Thai business leaders carry on despite violence

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Bangkok after a few weeks of relative peace, Sunday saw hundreds of anti-government protesters gather and demand early elections. That's despite a state of emergency that's been in place since mid-May when some 90 people died in an outbreak of violence. But despite this, and two bombs that went off in Bangkok last week, some business leaders are trying to project an image of business as usual. The World's Mary Kay Magistad reports.

DAVID BARON: Two recent bombings in Bangkok have raised tensions again in Thailand. The country had already been on edge for years. And demonstrations spiraled into political violence this past spring. The protests pitted the so-called ?Red Shirts,? supporters of the ousted Thai prime minister, against the current government. The crisis hurt Thailand's reputation as an attractive destination for tourists and investors. Still, The World's Mary Kay Magistad reports that some business leaders in Bangkok are sending out the message that all is well in Thailand.

MARY KAY MAGISTAD: You don't have to tell Boonprong Pinthukanok how much the Thai economy has taken a hit from the recent unrest. Her street stall, selling spicy Thai salads, sits on the edge of the park that the Red Shirts occupied.


MAGISTAD: She says, she had to stay away for two months. Two months when she had no income. She had to hock her jewelry to pay the rent. She hopes it doesn't all pick up again, because at age 61, she says, it's hard to keep starting over. Just down the road at an open-air restaurant, owner Chai Ingkapatana is also glum. Are you worried about there maybe being more violence in the future?



INGKAPATANA: Why? Because the big boss not give up.

MAGISTAD: The ?big boss? is billionaire and former Prime Minister Thaksin Shinawatra, who was ousted in a coup four years ago. He was the hero of the Red Shirt movement, and it's believed he helped finance the protests. But for all the pessimism on the street level in Bangkok, up on the penthouse floor of a nearby office building, a panel of businessmen talked up Thailand's future. Bill Heinecke runs the tourism company Minor International.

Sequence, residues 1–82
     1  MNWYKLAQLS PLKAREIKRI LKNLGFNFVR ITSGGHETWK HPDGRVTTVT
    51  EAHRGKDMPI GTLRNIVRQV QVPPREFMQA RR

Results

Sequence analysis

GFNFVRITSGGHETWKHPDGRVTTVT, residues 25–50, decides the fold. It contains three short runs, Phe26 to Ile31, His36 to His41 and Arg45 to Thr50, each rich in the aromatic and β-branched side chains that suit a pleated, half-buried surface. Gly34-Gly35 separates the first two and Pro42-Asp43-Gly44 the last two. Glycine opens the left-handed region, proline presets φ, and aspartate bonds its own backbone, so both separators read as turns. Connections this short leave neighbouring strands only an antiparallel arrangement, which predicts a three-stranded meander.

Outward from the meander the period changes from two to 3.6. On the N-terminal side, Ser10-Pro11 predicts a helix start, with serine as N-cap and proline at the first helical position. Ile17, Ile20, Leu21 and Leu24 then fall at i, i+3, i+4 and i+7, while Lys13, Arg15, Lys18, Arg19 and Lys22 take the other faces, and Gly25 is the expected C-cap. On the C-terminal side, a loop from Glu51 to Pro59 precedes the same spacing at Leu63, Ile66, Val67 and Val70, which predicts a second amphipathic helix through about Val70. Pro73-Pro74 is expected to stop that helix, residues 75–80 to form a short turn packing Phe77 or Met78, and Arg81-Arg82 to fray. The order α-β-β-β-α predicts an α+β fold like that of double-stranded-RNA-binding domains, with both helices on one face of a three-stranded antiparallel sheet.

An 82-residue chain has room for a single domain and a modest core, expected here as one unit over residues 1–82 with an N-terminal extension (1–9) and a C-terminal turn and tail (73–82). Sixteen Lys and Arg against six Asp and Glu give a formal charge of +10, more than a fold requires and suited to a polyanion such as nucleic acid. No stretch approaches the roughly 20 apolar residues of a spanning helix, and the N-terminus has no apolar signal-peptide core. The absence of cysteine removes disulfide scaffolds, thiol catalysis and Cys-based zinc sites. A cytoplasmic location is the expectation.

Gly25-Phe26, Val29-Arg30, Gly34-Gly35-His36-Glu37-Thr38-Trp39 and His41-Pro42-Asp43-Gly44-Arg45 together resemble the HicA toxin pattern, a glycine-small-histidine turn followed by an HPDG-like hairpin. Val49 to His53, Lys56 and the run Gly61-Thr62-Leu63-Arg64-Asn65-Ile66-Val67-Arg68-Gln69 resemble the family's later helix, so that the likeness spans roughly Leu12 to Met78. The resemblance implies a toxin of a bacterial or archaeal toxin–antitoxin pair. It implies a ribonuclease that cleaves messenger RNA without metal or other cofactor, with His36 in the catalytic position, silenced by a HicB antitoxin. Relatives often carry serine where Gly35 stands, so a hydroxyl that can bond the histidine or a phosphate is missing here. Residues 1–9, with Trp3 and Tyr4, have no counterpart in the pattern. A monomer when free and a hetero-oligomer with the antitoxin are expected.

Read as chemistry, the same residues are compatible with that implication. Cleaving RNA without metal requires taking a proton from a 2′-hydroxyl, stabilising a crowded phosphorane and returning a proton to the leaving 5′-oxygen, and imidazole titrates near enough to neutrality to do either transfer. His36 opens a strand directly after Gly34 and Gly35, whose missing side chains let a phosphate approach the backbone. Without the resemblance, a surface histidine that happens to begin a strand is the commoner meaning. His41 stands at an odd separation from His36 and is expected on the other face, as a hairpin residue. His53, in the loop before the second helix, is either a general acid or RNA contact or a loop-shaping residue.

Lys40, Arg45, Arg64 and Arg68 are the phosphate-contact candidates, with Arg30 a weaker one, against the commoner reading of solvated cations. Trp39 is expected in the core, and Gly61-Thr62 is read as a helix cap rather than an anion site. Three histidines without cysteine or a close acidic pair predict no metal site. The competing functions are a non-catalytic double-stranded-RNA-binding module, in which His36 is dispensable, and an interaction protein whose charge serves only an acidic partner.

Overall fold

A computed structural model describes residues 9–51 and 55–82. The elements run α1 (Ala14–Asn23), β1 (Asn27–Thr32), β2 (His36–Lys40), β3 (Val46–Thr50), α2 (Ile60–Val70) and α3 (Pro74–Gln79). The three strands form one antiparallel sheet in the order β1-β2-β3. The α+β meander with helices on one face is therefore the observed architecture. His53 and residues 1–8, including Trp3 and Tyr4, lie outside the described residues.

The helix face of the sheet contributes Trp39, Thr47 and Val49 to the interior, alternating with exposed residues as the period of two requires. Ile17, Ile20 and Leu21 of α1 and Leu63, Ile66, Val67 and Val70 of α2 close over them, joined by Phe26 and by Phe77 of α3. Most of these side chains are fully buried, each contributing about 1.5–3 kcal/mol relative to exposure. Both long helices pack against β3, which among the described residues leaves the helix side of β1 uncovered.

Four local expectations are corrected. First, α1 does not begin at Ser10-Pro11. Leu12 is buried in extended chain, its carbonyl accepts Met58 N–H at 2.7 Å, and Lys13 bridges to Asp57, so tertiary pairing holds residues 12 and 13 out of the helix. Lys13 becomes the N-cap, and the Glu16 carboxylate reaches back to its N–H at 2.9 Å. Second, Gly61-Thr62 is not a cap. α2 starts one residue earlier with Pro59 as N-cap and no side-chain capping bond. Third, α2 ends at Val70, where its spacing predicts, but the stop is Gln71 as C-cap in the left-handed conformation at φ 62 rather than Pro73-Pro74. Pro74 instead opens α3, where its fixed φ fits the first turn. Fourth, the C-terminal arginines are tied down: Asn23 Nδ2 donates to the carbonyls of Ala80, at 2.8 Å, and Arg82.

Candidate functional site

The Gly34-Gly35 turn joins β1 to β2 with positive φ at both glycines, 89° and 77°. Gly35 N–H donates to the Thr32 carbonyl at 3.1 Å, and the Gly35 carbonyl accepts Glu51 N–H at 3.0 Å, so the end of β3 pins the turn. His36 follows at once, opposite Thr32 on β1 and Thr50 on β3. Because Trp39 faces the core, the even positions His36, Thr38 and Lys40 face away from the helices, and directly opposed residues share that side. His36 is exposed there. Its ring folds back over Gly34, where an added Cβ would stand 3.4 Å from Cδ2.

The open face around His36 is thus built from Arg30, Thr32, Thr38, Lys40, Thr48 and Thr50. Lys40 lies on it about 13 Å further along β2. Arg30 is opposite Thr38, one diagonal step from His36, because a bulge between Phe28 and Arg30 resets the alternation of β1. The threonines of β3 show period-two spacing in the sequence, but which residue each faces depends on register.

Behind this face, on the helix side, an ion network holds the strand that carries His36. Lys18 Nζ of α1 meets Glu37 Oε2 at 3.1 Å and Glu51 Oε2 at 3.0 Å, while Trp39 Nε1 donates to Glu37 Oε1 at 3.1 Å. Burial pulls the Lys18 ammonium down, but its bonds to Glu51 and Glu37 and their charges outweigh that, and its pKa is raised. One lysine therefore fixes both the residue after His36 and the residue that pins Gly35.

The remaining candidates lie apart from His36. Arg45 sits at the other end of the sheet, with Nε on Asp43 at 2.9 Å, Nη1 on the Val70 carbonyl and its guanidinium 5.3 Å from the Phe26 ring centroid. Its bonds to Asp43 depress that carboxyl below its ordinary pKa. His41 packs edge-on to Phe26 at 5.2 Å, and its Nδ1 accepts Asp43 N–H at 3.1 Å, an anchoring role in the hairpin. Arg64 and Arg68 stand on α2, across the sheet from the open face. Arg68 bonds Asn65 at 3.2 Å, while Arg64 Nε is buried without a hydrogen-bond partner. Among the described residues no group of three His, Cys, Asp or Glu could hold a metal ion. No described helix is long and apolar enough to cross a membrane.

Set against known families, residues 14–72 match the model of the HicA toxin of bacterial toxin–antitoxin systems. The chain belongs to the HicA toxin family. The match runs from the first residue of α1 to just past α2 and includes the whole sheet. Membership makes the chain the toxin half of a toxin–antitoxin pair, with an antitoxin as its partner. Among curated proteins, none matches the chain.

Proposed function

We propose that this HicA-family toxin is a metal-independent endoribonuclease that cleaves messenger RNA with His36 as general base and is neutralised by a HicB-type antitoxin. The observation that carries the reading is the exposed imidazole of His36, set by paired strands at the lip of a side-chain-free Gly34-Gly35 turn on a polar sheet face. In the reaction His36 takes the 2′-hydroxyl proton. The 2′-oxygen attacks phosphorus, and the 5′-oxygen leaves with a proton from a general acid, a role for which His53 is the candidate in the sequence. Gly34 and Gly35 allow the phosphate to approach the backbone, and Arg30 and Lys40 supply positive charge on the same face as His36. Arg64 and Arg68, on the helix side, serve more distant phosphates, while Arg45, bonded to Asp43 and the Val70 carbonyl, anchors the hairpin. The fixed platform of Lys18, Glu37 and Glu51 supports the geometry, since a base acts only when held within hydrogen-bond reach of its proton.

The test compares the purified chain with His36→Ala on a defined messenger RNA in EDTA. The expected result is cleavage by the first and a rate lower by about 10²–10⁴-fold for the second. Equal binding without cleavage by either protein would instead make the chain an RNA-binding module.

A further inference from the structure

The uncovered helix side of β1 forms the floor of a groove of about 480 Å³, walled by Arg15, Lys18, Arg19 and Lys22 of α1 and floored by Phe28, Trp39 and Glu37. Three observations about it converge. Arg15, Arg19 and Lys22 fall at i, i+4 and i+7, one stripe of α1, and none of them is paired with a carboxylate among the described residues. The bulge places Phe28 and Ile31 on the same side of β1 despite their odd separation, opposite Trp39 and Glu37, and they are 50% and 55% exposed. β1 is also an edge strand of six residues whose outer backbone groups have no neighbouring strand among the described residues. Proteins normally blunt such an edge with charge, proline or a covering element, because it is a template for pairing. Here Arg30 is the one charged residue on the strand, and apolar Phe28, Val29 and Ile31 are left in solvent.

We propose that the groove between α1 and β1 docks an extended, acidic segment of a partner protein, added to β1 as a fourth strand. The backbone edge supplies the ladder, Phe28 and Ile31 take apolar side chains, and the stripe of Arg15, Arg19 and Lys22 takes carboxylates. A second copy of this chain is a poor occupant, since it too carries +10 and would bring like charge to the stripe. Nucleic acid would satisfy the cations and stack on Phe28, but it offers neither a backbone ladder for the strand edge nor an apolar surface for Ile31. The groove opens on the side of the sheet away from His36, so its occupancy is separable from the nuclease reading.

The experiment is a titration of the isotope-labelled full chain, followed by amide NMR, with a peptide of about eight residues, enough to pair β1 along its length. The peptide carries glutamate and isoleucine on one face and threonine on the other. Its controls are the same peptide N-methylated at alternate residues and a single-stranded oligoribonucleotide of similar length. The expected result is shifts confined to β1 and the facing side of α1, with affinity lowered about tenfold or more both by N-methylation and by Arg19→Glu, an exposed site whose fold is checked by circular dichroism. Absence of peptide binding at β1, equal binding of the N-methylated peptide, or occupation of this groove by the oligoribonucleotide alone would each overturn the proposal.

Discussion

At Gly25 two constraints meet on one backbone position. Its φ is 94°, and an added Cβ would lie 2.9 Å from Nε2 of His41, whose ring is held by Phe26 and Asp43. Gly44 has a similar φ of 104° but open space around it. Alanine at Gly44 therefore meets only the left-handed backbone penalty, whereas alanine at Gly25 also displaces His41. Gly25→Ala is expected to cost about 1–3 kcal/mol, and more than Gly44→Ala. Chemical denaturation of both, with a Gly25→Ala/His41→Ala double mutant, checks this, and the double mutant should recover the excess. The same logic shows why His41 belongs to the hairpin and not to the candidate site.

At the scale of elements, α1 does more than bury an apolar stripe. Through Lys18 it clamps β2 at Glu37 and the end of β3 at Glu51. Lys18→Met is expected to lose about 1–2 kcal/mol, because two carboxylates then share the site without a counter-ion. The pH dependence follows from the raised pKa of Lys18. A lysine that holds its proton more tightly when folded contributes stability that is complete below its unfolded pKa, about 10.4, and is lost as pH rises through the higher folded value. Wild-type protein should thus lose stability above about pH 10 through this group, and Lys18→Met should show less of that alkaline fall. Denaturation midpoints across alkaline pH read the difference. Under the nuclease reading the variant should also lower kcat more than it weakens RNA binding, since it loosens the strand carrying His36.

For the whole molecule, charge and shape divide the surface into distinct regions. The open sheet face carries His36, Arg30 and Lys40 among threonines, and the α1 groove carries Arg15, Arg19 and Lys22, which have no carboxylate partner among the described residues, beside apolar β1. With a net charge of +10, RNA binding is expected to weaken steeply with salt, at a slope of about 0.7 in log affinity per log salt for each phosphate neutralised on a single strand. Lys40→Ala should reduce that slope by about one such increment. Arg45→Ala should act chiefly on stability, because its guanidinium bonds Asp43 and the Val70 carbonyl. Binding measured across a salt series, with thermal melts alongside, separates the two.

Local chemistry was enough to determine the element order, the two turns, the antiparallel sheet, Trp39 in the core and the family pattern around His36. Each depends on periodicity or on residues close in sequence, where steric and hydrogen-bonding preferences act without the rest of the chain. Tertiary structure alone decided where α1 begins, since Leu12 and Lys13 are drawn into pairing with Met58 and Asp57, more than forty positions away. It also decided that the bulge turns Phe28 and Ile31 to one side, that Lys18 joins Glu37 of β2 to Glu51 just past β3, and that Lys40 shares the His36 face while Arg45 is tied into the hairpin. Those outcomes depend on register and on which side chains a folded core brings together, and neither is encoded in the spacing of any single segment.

BILL HEINECKE: I think we've seen travelers to Thailand becoming much savvier than they used to be. And understand the risks of these recent events. And often, despite sensationalized media coverage, they'll still come to Thailand.

MAGISTAD: Actually, hotel occupancy rates plunged below 20% just after the protests, and are only 40% now. That's still way below normal. Dusit Nantanakorn, the Chairman of the Thai Chamber of Commerce, says tourism in Thailand has unquestionably taken a hit. But he says it accounts for just 7% of the Thai economy, and other sectors like manufacturing, have been bouncing back. The problem, he says, is that the political uncertainty has new investors thinking twice before coming in.

DUSIT NANTANAKORN: Ten years ago, this is the heaven. This is paradise. You don't have any problems. Everything is so nice. You enjoy working in this country. You enjoy working a high skilled laborers. You can enjoy your nightlife here really well, and you can play golf every weekend.

MAGISTAD: But now, he says, the situation has changed a lot. The current state of emergency may not be doing much to soothe investor and tourist anxieties, but Dusit believes it's best left in place until the government is sure it can maintain public order. Still, the expat businessmen on the panel blamed the media for tarnishing Thailand's image. Nonder von der Luehe chairs the Joint Foreign Chambers of Commerce of Thailand.

NONDER VON DER LUEHE: For those people who have seen those negative pictures going around, with negative press going around, it's very, very difficult to make a decision and put their money here to Thailand.

MAGISTAD: Tourism company head Bill Heinecke says despite the occasional bomb in Bangkok, he thinks it's as safe as anywhere.

HEINECKE: Yes, there was an explosion that took place 500 meters from here, and for that, I think everyone is probably very sad to see what happened. But how many people died from drunk driving last night? Would you care to comment? How many ran the risk of being killed by a drunk driver?

MAGISTAD: There's a certain amount of risk in living life, he says, so tourists should keep on coming. But back out on the street, restaurant owner Chai Ingkapatana isn't so keen about the risks he and his business face, if the Red Shirts take to the street again.

INGKAPATANA: Because Thai economy not so good. If they have problem, everyone has, too. The business not so good. I think it's getting worse. Getting worse.

MAGISTAD: Ground realities in Bangkok don't always match the view from the Penthouse. But down here, on the fringes of Lumpini Park, is where small businesses felt it worst and where they may feel it first, if a new wave of unrest strikes again. For The World, I'm Mary Kay Magistad, Bangkok.